Healthcare Worker Burnout Affects Everyone

by Dr. Kristen Ray

Most business owners and managers understand the importance of workplace wellness and how that affects productivity. But what happens when the healthcare workers providing care to the employees are not well? 

Recently, it seems as though the discussion about healthcare workers and the pandemic doesn’t occur without the mention of “burnout.” World Psychiatry defines burnout as “a psychological syndrome emerging as a prolonged response to chronic interpersonal stressors on the job.” But what does this really mean for healthcare workers, their patients and our communities at large? And, most importantly, how do we (as healthcare workers) help ourselves, our colleagues and the healthcare system overcome these challenges so that we may continue to take care of our patients without sacrificing our own needs? 

To put the current status into perspective, the American Medical Association and Hennepin Healthcare in Minneapolis recently published a survey of 20,947 physicians and other workers (e.g., nurses, medical assistants, social workers, respiratory therapists, etc.) between May 28 and October 1, 2020, regarding the pandemic, stress, and burnout. They found that: 

  • 61% feared exposing themselves or their families to COVID-19,
  • 38% self-reported experiencing anxiety or depression, 
  • 43% suffered from work overload and 
  • 49% had burnout. 

More concerning is that stress scores were highest among women and Black and Latinx healthcare workers.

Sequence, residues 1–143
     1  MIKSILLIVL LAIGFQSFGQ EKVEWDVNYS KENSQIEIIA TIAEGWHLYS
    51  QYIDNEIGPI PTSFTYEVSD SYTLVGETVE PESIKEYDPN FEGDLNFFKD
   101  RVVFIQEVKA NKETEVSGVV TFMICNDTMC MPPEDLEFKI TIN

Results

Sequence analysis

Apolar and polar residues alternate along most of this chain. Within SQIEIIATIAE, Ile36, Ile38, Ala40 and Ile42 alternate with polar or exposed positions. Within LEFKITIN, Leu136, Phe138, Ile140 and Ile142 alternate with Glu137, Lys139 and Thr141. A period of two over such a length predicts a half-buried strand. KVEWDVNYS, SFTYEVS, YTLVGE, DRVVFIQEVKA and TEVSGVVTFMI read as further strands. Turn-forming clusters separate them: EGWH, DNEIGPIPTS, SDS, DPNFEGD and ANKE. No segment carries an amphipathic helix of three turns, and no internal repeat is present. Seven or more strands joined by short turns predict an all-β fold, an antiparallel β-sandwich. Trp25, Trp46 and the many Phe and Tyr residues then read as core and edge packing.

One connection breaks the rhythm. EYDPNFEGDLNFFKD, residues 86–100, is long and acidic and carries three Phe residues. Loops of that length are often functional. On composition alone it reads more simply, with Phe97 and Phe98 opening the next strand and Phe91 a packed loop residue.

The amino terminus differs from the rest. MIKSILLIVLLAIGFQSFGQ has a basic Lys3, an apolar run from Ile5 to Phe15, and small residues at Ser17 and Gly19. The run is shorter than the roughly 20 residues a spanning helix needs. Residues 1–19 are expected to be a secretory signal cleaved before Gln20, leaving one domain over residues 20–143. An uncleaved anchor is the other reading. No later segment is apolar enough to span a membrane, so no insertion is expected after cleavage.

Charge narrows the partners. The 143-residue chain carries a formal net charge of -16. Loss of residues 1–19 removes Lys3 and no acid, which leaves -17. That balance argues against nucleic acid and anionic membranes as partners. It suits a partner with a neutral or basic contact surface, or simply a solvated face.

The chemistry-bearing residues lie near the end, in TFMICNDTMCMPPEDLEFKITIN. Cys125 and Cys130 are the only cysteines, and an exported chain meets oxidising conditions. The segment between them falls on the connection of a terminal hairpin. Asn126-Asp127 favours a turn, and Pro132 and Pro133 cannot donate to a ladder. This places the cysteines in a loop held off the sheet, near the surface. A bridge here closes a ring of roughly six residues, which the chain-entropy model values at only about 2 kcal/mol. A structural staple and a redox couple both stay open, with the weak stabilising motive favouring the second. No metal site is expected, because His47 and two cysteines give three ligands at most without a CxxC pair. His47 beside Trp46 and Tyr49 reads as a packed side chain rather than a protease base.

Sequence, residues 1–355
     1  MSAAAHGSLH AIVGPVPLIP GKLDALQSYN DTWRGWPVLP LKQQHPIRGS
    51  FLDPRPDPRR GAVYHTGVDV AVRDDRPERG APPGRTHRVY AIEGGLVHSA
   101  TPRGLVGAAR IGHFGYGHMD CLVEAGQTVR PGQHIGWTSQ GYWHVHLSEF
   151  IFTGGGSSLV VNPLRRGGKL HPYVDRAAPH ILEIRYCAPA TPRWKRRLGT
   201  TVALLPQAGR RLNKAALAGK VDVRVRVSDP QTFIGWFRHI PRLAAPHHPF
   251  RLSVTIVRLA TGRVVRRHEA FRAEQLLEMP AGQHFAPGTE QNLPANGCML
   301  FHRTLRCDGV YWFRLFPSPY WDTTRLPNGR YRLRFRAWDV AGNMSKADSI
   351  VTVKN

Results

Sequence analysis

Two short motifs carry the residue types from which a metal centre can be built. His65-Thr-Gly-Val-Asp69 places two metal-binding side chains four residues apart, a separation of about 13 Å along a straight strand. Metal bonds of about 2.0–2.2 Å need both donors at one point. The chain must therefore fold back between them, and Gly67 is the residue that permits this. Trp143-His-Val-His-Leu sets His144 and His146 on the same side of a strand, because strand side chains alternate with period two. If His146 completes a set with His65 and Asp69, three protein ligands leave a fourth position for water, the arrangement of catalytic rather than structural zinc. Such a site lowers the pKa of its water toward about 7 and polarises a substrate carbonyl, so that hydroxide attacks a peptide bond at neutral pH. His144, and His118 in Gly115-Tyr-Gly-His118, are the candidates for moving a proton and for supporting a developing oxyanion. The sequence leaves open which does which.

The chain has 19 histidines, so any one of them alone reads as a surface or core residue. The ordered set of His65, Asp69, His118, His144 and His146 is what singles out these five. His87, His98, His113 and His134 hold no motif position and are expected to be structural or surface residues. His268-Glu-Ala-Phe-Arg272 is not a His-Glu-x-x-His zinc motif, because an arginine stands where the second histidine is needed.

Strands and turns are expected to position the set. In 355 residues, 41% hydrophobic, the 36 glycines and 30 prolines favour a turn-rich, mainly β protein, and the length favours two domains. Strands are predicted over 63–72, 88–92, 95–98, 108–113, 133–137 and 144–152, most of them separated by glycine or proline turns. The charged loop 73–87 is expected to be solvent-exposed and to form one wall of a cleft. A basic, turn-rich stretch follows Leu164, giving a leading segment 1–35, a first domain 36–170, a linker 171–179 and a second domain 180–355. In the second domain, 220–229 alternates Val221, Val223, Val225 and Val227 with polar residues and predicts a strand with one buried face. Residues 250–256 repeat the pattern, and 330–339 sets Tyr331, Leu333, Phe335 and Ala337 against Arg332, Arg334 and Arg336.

Knowing the risks of burnout and mental health issues for healthcare workers, it’s important to know how to recognize the signs in yourself or a healthcare worker you know. One may be experiencing an overwhelming sense of exhaustion, feelings of cynicism and detachment from the job, and a sense of ineffectiveness and lack of accomplishment.

Other signs and symptoms may include, but are not limited to, significant changes in appetite (increase or decrease), trouble falling and/or staying asleep, increase in using drugs or alcohol, loss of pleasure in doing things that used to be enjoyable, and feeling a sense of hopelessness or feeling down.

While it feels overwhelming to address the stress that is occurring due to the pandemic, it is possible for healthcare to prevent the onset of burnout and address active burnout. Here are some strategies, some of which are specific to healthcare workers and others that may be appropriate for everyone: 

  • Obtain social support by joining a peer support group.
  • Utilize relaxation strategies (mindfulness, meditation, yoga, deep breathing). 
  • Prioritize sleeping, eating nutritiously, and exercising. 
  • Seek counseling with mental health counselors who specialize in helping helpers. 

As the pandemic heads into its second year of destruction, it’s imperative that we support our healthcare workers and address the chronic stress that we’ve been experiencing. And, like the old saying goes, “If not now, when?”

Dr. Kristen Ray is vice president of wellness at Bayless Integrated Healthcare. She is a Licensed Professional Counselor, a Doctor of Behavioral Health and Board Certified in Tele-Mental Health.  


This article is part of the cover story section, which includes the main story:

Mental Health & the Workplace

And three accompanying articles:

Speak Your Mind

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